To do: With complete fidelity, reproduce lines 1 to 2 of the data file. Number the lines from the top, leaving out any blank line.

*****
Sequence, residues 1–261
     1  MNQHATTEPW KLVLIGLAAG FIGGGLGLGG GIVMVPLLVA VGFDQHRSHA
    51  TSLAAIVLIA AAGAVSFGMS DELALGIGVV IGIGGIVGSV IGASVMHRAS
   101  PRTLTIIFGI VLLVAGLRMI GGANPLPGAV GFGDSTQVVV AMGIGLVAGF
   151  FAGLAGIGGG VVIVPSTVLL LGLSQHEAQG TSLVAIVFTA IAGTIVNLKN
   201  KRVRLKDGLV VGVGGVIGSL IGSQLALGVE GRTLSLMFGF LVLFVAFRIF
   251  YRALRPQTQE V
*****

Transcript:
Sequence, residues 1–261
     1  MNQHATTEPW KLVLIGLAAG FIGGGLGLGG GIVMVPLLVA VGFDQHRSHA